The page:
If you are in one of the groups that aren’t required to file taxes, then you may have already encountered an issue with the previous stimulus checks. For the first and second rounds of EIPs, the IRS created a tool for non-filers. You simply entered your name and Social Security number to determine your eligibility.

  • For those who receive government benefits, through things like Social Security or the VA, your stimulus check would be sent via the same method you receive those benefits.
  • If you were eligible but not a benefits recipient, then you could provide a bank account and routing number to get your stimulus check via direct deposit. You could also opt to receive a paper check by mail.

If you used this tool when it was available last year, then the IRS says it will distribute the new stimulus payment using the information you provided.

Be aware that if you did not use this tool last year, you will need to follow the instructions below.

To receive any first or second stimulus that you were eligible to receive but have not received yet, you must file a 2020 tax return to claim a Recovery Rebate Credit. This credit allows you to claim any full or partial stimulus that you’re entitled to receive.

Even if you are not typically required to file taxes, you must file this year to get the Recovery Rebate Credit. That’s the only way to get the stimulus that you are owed now. You can receive a rebate for all three stimulus payments.

If you’re not accustomed to filing, the IRS has a website that you can use to find free ways to file. For example, if you earn less than $72,000 annually, you can use Free File to file electronically through an IRS-approved provider. You will need to file for 1040 or 1040-SR to claim the Recovery Rebate Credit.

Yes, but you still must file your 2020 taxes. The IRS has stated that it will not garnish stimulus check payments for back taxes. Thus, you are legally entitled to the money if you meet the eligibility requirements.

It’s worth noting that the penalty for not filing your taxes is ten times the penalty for filing but failing to pay. So, even outside of stimulus, it’s generally in your best interest to file your taxes even if you can’t afford to pay back taxes that you owe. It will help you avoid having a small tax problem become a big problem quickly. Penalty interest on taxes compounds daily, so if you’re facing a penalty that’s ten times higher, the issue can grow quickly.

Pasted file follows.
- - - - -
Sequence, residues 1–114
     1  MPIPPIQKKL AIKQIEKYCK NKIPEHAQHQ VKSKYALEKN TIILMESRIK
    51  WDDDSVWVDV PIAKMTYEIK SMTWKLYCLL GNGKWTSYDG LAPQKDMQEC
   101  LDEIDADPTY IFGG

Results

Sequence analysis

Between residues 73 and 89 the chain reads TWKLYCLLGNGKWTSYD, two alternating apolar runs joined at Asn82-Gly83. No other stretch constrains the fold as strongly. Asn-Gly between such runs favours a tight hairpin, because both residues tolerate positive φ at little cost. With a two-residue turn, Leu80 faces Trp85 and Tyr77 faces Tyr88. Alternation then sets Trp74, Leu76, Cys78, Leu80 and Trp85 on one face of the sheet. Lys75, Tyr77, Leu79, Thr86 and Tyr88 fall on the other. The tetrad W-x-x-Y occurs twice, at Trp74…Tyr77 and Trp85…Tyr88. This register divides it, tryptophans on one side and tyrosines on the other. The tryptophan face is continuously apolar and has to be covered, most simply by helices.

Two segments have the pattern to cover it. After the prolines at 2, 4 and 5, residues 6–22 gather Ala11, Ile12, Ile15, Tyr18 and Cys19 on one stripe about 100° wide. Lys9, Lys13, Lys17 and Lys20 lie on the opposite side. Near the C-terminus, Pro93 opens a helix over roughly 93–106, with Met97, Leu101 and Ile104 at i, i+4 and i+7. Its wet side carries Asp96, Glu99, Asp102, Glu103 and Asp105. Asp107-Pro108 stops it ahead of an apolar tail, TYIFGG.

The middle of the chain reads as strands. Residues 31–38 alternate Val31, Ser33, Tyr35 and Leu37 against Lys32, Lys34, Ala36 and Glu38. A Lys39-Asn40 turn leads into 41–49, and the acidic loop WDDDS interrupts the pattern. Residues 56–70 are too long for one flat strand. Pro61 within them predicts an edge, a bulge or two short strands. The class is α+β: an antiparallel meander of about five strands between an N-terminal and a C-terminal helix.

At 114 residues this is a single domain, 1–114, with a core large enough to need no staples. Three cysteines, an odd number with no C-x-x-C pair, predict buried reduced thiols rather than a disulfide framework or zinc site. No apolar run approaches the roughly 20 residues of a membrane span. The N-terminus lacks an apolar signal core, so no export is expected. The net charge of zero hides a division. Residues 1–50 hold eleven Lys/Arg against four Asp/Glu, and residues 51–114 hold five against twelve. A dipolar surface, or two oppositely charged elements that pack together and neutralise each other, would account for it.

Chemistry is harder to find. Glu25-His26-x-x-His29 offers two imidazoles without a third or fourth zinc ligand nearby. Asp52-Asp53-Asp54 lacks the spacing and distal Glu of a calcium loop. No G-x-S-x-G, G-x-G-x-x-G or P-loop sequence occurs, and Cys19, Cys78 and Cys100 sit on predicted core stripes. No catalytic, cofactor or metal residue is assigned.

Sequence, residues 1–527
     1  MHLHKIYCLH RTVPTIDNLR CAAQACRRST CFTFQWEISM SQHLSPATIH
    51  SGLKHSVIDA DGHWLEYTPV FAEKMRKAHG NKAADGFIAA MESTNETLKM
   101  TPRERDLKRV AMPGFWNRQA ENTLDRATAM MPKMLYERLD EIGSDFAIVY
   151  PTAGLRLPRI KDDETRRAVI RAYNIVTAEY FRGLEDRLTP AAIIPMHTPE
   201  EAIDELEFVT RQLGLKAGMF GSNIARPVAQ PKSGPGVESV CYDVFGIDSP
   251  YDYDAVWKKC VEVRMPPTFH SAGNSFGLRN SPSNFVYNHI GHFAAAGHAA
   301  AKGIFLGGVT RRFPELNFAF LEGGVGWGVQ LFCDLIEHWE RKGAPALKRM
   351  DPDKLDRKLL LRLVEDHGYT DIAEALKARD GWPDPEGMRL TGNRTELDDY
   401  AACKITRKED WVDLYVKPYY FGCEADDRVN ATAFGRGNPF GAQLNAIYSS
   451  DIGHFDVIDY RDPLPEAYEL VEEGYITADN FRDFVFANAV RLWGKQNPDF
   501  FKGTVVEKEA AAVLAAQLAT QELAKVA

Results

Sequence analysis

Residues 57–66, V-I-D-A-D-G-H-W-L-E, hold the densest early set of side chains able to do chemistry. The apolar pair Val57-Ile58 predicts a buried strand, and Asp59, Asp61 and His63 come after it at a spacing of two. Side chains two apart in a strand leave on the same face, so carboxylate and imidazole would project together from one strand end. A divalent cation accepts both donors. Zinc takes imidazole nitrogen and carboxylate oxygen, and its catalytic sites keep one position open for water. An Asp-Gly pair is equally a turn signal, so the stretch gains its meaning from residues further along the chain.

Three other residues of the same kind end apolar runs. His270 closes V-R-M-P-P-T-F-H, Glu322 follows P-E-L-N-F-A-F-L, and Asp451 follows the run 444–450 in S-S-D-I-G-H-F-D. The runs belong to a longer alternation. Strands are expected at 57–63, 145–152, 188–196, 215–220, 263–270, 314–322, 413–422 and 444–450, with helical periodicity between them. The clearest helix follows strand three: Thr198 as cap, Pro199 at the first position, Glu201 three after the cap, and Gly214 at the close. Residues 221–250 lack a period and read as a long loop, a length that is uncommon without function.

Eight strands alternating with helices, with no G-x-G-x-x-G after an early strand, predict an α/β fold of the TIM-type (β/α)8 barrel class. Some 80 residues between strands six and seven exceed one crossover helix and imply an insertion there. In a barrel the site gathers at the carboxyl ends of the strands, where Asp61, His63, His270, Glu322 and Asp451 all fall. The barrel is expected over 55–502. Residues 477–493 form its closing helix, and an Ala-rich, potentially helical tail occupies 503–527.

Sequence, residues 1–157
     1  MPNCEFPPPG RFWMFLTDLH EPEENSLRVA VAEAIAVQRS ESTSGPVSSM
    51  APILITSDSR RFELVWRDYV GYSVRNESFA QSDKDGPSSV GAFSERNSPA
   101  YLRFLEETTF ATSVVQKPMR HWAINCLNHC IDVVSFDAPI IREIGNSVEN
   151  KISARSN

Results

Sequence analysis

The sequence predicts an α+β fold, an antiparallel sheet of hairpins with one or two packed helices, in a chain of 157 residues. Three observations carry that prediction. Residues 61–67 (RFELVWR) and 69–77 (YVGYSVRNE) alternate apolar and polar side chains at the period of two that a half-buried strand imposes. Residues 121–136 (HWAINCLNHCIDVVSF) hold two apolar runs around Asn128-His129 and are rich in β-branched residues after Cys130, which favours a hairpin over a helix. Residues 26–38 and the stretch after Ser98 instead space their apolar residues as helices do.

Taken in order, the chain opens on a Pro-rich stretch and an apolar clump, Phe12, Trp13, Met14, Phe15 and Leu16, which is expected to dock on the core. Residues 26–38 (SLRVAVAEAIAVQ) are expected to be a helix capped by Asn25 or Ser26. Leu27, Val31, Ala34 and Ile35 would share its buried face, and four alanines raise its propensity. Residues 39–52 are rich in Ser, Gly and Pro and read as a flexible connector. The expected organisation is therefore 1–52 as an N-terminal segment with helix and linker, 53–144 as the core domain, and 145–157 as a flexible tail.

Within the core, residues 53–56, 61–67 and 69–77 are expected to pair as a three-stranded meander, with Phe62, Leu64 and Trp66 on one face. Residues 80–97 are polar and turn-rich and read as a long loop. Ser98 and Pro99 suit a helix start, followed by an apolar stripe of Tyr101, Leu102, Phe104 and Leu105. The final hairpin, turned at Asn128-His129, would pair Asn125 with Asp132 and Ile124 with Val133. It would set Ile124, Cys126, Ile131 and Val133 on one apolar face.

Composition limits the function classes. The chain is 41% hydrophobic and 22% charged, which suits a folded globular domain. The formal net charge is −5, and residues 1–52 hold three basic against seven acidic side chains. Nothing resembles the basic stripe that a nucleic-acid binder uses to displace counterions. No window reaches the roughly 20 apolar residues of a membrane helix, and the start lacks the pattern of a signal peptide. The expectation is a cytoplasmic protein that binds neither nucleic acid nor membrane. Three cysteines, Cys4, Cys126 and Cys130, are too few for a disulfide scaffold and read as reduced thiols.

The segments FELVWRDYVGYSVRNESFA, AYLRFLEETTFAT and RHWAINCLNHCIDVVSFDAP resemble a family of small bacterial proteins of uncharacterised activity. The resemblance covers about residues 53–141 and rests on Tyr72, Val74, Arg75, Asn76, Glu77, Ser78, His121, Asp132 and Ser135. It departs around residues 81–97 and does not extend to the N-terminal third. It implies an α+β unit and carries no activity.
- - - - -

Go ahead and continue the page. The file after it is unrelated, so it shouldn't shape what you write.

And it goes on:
Be aware that the current Economic Impact Payment 3 is not protected from other types of garnishment. Private debt collectors can garnish your stimulus. State tax offices can also garnish it. But the IRS will not take your stimulus money, even if you owe them back taxes for this year or previous years.

No. According to the information that the IRS provides, you only need to file your 2020 tax return, which is the return for last year. The reason this return is important is that it provides a way for you to claim your Recovery Rebate Credit. That’s the money you’re rightfully owed from any of the three stimulus payments.

A single line on form 1040 or 1040-SR will tell the IRS how much money you calculate that you’re eligible to receive. However, to determine that number, you must complete a worksheet that walks through the steps that determine what that amount is.

As with any tax worksheet, it’s tedious. You can fill it out on your own or you can use one of the IRS’ free file providers. These types of systems help you file electronically and make it much easier to ensure you determined the amount accurately.

And, of course, you don’t get to just fill out that one line. You must complete the full form to file your 2020 taxes. It’s the only way to get any of the stimulus money that you’re owed.

Written by :
Meghan Alard [email protected] Financial Literacy Specialist